Well I must say, it has been quite a while since I have written a blog. I have been getting a lot of messages lately asking me “When is the next blog coming out?!” Ok well, a lot of messages coming from my one and only super fan who remains anonymous..(I don’t blame them). Congratulations…it is your lucky day! Before I tell my profound and illegible tale, I must tell you a little bit about my background. Before I began my wildlife control business, I was employed at another large wildlife control company (which shall remain nameless). I spent many years as a technician before being promoted to a manager. I have to say that being promoted can sometimes feel like a demotion. I was given a new “experimental” position called a “Field manager”. A normal management position was called a district manager and the responsibilities included managing technicians in my district, making sure they had all the supplies they needed, making sure the technicians were following all policies and making sales quotas as well as managing customer service issues. Payroll was a district managers’ responsibility as well. There is a ton more but I don’t feel like thinking of everything because it’s painful for me and this wine has made me lazy. Now, back to the “Field manager” promotion. A field manager was a great way for the company to keep a technician and manager in the same area without sacrificing one for the other. Also, they would pay me based on sales like a technician but I was still responsible for being a manager. It was not a promotion but a death sentence for my success in that company. I simply could not make my sales goals and be a manager at the same time. It was ugly for 10 months until they dissolved my managers’ position and I became a technician again. At first, I was relieved but then began to realize that my career in that company was short lived. I simply could not move up again from where I had gone. I decided that I wanted to start my own business and be independent. Now, I told you all of that boring nonsense because the story I will tell you, took place while I worked as a field manager for that other company. Get your booze, coffee, narcotics and doobies or whatever you do to relax and I will tell you a story of necrosis, death and vile filth with a touch of plausible deniability.
As a manager, one must routinely make tough decisions. One of the toughest decisions I have ever made in my life was to terminate someone, no..not like Arnold Shwarzennegar (though the thought crossed my mind several times). Firing someone was difficult for me because I can find good qualities in a lot of people despite the bad ones on the outside. Maybe empathy is the correct term. I was tasked with letting someone go and in doing that, I had to make sure all of the customers that the employee had where taken care of. This person had over 20 jobs left open (unfinished) and there was no paperwork for me to go off of. I basically had to wait until an angry customer called and asked for the manager before I could help. Another bad thing was that this employee collected all of the money upfront. These jobs were paid in full but not finished. Some of them where not even started!
Early one morning I received a call from a very angry hotel manager who told me the employee has not been back in over a month to check his pigeon traps on the roof (This customer had hundreds of pigeons roosting and pooping all over the place). I instantly face palmed myself because I was not even aware of this job. I told the manager that I would come out right away and inspect. Half way to the job site, the weather turned bad and it started to rain heavily.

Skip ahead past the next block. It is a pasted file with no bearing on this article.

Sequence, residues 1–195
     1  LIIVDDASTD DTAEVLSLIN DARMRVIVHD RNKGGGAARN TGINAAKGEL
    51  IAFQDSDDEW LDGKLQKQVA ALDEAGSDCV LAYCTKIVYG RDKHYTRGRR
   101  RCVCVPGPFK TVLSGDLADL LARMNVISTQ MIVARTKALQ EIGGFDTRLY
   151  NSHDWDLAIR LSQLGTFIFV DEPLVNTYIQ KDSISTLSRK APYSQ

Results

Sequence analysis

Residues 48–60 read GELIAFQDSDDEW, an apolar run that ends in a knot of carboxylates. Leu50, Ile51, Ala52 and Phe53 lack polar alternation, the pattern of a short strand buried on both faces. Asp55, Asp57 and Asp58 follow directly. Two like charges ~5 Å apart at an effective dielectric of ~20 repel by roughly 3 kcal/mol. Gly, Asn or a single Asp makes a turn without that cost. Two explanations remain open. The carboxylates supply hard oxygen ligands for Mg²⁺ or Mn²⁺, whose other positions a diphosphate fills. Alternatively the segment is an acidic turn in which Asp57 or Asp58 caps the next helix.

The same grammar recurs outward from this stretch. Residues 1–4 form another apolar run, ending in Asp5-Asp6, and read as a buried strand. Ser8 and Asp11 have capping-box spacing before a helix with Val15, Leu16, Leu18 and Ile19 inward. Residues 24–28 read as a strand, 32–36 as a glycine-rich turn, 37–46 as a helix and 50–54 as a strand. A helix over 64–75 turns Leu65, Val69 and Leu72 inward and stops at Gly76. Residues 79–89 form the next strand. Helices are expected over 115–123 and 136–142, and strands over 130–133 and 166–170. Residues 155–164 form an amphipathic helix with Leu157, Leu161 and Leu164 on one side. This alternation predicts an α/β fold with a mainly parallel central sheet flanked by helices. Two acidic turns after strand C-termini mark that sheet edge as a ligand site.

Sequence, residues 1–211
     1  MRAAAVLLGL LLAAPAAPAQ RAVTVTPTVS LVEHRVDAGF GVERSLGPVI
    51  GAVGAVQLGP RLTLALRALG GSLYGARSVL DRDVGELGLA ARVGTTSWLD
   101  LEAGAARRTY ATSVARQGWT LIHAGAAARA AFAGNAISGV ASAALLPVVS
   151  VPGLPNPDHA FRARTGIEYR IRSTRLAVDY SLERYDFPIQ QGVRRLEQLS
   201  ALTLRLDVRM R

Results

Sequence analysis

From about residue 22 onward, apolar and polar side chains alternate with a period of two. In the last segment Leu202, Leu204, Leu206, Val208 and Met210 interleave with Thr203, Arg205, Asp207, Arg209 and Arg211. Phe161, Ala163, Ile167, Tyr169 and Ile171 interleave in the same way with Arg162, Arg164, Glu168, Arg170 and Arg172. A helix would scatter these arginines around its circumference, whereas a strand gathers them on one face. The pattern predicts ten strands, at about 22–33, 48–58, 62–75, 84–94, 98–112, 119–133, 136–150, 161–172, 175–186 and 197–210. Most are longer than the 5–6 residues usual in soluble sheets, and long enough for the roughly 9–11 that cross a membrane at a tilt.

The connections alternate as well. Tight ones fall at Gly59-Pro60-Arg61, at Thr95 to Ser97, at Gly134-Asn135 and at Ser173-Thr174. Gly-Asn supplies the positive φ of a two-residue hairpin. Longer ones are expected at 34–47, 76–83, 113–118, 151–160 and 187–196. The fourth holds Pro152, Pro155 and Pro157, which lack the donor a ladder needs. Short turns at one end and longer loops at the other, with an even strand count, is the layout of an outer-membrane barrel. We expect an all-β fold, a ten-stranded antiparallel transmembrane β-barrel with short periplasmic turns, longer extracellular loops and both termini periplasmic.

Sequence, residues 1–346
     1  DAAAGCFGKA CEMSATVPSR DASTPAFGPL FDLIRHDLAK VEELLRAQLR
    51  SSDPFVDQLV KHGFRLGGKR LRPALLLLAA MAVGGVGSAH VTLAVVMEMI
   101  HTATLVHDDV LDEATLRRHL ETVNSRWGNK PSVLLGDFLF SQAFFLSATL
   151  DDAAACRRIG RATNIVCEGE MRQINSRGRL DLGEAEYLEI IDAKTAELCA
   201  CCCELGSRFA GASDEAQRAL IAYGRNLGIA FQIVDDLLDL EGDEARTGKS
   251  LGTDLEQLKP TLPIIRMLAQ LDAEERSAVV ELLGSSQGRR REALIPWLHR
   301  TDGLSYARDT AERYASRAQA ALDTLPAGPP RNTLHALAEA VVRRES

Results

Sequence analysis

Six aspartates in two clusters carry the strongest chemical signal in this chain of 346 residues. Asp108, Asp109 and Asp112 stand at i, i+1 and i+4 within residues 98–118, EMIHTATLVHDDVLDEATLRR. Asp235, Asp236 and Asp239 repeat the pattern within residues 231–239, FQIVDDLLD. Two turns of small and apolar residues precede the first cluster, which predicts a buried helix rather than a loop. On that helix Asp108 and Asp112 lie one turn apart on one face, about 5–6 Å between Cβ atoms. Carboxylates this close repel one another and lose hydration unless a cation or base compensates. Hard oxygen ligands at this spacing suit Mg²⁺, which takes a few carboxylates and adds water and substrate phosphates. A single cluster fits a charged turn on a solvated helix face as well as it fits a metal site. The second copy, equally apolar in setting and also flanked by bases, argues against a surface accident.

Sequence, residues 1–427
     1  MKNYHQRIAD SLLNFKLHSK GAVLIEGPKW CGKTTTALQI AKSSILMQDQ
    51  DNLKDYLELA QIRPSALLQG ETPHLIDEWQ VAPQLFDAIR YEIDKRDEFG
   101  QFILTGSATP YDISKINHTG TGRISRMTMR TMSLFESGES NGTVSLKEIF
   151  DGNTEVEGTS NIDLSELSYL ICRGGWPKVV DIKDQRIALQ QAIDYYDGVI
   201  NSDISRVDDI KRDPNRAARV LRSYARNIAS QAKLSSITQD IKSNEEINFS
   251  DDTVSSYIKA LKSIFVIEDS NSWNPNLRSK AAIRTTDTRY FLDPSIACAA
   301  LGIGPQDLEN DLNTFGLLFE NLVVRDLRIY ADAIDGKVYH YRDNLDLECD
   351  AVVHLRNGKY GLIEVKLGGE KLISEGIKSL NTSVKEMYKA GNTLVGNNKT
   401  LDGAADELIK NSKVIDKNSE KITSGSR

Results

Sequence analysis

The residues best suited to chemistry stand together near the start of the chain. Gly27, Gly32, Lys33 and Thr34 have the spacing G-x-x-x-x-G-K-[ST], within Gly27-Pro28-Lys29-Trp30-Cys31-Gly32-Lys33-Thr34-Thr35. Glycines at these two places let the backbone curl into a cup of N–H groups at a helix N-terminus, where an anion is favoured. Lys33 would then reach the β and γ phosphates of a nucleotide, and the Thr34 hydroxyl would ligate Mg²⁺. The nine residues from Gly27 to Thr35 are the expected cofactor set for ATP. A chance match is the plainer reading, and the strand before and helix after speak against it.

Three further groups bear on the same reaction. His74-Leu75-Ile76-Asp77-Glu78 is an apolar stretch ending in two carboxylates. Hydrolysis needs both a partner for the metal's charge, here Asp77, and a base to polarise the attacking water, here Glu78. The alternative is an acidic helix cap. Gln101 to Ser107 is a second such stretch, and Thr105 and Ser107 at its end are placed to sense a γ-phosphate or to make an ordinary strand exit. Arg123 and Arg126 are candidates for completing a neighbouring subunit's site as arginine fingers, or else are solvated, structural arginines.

I arrived at the location and could see that the hotel had three separate 3 story buildings. They were connected by a breezeway with a thick clear plexiglass roof. It had just rained and water was dripping through the cracks in this roof. The staircase leading up to the third floor was under the biggest crack in this plexiglass roof so everything underneath was very wet. I observed several families walk down the stairs as well as a few people dressed in military uniform. It was a rainy day and I thought nothing of it. People didn’t seem to mind that they were getting soaked while walking under this big crack in the roof. I walked up the steps from the first to the second and then to the third floor. When I reached the 3rd floor I noticed a hatch door directly above me with a metal ladder that reached the roof. I noticed a musty smell but didn’t think a lot about it. Just then a family of four walked up the steps behind me. I was in their way as they stood still under the leaky roof. I said “Oh, Im sorry” and I moved aside. As they walked by me I thought, “Damn those little kids stink...” I didn’t think about it but a few seconds and then I decided to get on the roof and find the pigeon traps. I climbed the ladder to the roof hatch. The handles were unusually greasy feeling slippery and smelled worse and worse the closer I got. I grabbed the hatch handle and turned it, the door sprung open and I climbed to the last step. I stuck my head above the hatch and a horrific scene began to unfold. The hatch door had a 6 inch tall metal rim around it so that water wouldn’t come through when it rained. The entire plexiglass roof had formed a 6 inch deep trough where rain water collected. The pigeon traps were in the middle of this body of water. Hundreds of dead maggot filled pigeons were inside the traps. The rain water dispersed the maggots to form nothing short of a maggot lake on top of the roof. It all started to make sense…the funny smelling kids, the leaking roof..the multiple families getting rained down on by maggoty filth water…the slimy handles on the ladder.. Oh no.. this was what you would call a FUBAR situation. What was I supposed to do?.... I thought for a second and decided that the first thing I should do is removed the traps and dead bodies. I grabbed the traps..there were five traps roughly 5 feet long and 3 feet wide. All full of bloated rotting bodies. I did what any other sensible person would do. I tossed them off the roof directly into the hotel dumpster..what? Don’t judge me.. Anyways, once the bodies were gone, I summed the god of water to see if he could get rid of the lake on the roof. I didn’t get an answer so I did what I thought was a good idea at the time.. I found a place that was not directly over the staircase and made a hole of my own with my foot to drain the maggot water. I think I may have acted a little pre-maturely, as the water fell like niagra, 3 stories down on to the cement where the vending machines were. I know what you are thinking and I don’t care. I was desperate. Maggots were covering the entire ground floor. I was fortunate that the ground floor had metal drainage screens on the ground to drain any rain water that might blow in sideways….wrong again! Actually, I wasn’t lucky because some ding dong plumbed the floor drains to exit on the walkway leading to the parking lot. The maggot lake drained into the vending area and the parking lot all at once! At least it wasn’t dripping on people as they walked under it anymore. Instead now they would just track it in to their vehicles and hotel rooms on their shoes..I recall seeing a lady pinch her nose as she walked through the vending area..the sound of plump maggot bodies popping under her shoes..I just played dumb and didn’t make eye contact with her. After it was all said and done, I made my way to the managers’ office and told him we caught a couple hundred pigeons and that I had disposed of them. He seemed happy at first and then the lady who I saw pinching her nose earlier walked into the office. She was an assistant manager (face palm moment). She said,” something really smells bad by the vending area”. I decided it was a good time to interject and say, “Oh yeah, I smelled that too, I think the dumpster is full”. The manager said, “We just had that emptied. They came yesterday. I’ll call them back”. Let’s be honest here, nothing I said was a lie.. I shook his hand and walked to my truck. I walked past the vending area to get to my truck and noticed that the gap I had made in the plexiglass roof was now being used by maggots as an escape chute to where they were just dropping out on the ground 3 stories down. Literally, as I sat in my truck and turned the key, my manager called me and asked how everything went. I told him my story and the first thing he asked was,”Did you clean it up?” My response was, “More or less”. He then asked slowly, “Did you get the traps?” I said, ”They didn’t make it”. There was an awkward pause where neither of us said anything. He said, “Ok then, thanks for going there…” The incident was never spoke of again..